Two pricing details from Apple and Beats Developing Streaming Music Service to Rival Spotify by Brian X. Chen for The New York Times:
“Perhaps most telling for Apple is what its new streaming service will not have: a lower price than rival services.
According to several music executives, who spoke on the condition of anonymity because the talks are private, Apple recently tried but failed to persuade record labels to agree to lower licensing costs that would have let Apple sell subscriptions to its streaming service for $8 a month — a discount from the $10 that has become standard for services like Spotify, Rhapsody and Rdio.”
“A crucial difference for Apple’s streaming service is that unlike Spotify, it will have no free tier. That has greatly pleased top executives at major music labels, who have begun to complain openly that so much free music has given consumers too little reason to pay for it.”
Apple has the largest collection of users to bring to the negotiating table, and they appear to be both meeting the music industry’s price and helping them redefine music as a non-free experience. With the launch of Tidal yesterday, Apple’s decision to not offer something for nothing while simultaneously coming in well under Tidal’s $20 monthly fee may prove to be very smart.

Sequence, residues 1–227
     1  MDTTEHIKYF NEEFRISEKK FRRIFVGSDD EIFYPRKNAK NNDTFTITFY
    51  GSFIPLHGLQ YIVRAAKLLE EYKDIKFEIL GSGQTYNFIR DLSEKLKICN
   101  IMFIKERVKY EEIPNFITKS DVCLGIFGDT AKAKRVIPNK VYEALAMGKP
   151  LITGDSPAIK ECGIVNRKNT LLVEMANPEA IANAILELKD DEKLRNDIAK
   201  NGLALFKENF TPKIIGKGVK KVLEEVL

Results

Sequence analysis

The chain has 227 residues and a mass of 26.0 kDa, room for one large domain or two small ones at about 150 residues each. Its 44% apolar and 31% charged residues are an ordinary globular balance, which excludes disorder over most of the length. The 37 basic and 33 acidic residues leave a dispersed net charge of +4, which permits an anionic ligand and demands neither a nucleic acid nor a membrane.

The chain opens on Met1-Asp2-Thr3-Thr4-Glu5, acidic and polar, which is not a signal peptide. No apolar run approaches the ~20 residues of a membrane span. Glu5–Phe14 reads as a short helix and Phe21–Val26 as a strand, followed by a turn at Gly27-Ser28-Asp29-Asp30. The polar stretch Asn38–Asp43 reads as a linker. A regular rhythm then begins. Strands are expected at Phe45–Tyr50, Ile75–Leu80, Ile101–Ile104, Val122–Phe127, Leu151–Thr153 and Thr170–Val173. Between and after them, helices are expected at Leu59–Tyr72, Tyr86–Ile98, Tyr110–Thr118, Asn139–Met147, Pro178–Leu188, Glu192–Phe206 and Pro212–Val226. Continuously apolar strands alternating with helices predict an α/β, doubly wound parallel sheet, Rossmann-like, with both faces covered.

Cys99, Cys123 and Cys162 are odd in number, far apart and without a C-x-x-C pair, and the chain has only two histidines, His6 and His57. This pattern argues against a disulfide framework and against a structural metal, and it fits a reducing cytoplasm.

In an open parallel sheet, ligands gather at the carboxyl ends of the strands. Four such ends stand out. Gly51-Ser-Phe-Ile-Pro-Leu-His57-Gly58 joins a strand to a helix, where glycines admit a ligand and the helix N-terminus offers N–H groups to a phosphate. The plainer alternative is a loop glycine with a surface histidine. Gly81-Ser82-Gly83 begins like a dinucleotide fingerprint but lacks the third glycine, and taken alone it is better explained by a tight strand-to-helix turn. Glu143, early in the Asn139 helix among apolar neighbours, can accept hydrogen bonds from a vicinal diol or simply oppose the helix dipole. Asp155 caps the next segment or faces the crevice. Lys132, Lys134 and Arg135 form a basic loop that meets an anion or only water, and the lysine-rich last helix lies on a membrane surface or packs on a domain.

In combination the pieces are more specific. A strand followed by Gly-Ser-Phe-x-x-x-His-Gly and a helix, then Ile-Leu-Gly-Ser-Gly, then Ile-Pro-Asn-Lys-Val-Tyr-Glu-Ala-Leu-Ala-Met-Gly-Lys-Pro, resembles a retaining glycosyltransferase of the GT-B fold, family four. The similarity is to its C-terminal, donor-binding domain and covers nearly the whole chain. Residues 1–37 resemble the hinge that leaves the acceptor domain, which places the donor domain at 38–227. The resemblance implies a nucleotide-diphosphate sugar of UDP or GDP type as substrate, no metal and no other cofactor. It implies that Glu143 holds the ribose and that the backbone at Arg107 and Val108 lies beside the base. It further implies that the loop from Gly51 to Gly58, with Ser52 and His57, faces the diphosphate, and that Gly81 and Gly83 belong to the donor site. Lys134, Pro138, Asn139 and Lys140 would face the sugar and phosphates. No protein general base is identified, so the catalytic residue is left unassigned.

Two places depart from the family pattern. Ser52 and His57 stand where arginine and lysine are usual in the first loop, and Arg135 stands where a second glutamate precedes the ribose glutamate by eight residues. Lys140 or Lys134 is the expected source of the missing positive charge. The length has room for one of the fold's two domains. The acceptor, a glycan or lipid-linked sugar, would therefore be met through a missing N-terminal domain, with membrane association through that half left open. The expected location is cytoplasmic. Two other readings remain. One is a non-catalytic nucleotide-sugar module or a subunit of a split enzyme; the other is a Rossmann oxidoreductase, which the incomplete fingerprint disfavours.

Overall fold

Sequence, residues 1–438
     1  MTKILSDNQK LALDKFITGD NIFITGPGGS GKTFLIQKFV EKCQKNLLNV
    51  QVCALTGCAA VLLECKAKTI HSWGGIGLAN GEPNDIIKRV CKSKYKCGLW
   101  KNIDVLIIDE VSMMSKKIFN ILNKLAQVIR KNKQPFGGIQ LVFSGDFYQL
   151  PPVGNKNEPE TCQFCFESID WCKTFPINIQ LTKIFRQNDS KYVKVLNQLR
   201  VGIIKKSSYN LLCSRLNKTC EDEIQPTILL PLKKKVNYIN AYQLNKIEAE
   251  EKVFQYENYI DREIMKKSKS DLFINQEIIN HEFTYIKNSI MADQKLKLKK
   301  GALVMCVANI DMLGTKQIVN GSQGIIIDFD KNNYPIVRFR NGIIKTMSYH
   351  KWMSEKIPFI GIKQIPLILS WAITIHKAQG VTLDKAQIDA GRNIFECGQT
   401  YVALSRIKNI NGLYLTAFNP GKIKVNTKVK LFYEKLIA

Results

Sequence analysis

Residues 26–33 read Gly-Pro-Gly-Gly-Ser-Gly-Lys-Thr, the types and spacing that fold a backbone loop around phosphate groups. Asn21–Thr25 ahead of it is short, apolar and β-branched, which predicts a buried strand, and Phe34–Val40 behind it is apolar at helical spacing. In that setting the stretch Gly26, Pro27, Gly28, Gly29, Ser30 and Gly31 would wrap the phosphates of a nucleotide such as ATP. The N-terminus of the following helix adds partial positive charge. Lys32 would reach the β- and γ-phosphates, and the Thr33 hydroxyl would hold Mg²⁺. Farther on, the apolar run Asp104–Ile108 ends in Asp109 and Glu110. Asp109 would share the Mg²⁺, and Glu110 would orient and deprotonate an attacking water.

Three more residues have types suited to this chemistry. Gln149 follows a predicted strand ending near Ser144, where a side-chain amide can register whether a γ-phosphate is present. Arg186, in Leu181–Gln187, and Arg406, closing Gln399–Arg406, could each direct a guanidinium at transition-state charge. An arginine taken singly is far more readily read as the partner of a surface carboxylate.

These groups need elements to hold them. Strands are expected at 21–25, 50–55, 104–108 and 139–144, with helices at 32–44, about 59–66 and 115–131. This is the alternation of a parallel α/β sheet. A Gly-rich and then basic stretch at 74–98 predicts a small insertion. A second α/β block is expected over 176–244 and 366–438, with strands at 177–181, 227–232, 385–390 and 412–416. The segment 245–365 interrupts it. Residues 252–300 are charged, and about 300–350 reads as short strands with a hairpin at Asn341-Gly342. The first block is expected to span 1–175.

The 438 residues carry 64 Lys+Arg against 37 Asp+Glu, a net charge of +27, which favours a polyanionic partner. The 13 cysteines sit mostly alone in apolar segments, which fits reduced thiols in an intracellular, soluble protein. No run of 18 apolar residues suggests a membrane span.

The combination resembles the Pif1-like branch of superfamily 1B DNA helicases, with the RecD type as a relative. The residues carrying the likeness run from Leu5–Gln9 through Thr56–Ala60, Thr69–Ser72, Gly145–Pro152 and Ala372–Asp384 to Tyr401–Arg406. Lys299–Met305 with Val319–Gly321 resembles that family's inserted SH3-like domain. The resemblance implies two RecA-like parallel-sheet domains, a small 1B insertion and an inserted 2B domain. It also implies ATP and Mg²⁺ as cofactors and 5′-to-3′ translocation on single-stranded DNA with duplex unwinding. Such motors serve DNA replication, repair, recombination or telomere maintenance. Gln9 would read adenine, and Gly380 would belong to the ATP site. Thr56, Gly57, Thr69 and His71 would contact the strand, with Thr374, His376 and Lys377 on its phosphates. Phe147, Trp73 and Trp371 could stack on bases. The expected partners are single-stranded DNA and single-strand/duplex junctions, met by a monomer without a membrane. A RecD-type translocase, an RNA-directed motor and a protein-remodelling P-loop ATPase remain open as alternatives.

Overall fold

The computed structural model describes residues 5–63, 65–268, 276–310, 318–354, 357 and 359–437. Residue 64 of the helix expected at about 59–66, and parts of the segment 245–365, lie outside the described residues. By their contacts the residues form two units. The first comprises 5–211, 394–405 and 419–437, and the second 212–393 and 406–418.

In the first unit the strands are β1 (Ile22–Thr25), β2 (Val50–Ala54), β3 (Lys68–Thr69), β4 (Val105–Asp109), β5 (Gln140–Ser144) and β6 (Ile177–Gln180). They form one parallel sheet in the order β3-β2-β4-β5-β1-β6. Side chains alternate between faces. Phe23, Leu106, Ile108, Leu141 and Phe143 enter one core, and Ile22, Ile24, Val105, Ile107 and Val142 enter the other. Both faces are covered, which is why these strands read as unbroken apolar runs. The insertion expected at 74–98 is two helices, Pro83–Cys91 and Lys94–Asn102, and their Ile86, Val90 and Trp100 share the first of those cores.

And while Tidal got a number of high-profile artists to stand (quite literally) in solidarity, the long tail of professional musicians are unlikely to all align under a single banner. Listeners will vote with their attention and their money for how they desire to experience music, and the artists will seek to meet the interests of their audience.
Lastly, putting Trent Reznor at the head of Apple’s engineering of the project is likely to yield a superior user experience to the competition.